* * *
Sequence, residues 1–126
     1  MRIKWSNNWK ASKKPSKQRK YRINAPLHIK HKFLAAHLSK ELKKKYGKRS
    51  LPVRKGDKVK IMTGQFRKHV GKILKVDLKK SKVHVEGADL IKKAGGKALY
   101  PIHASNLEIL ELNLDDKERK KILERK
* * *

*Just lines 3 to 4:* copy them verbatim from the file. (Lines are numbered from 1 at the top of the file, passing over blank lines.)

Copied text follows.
    51  LPVRKGDKVK IMTGQFRKHV GKILKVDLKK SKVHVEGADL IKKAGGKALY
   101  PIHASNLEIL ELNLDDKERK KILERK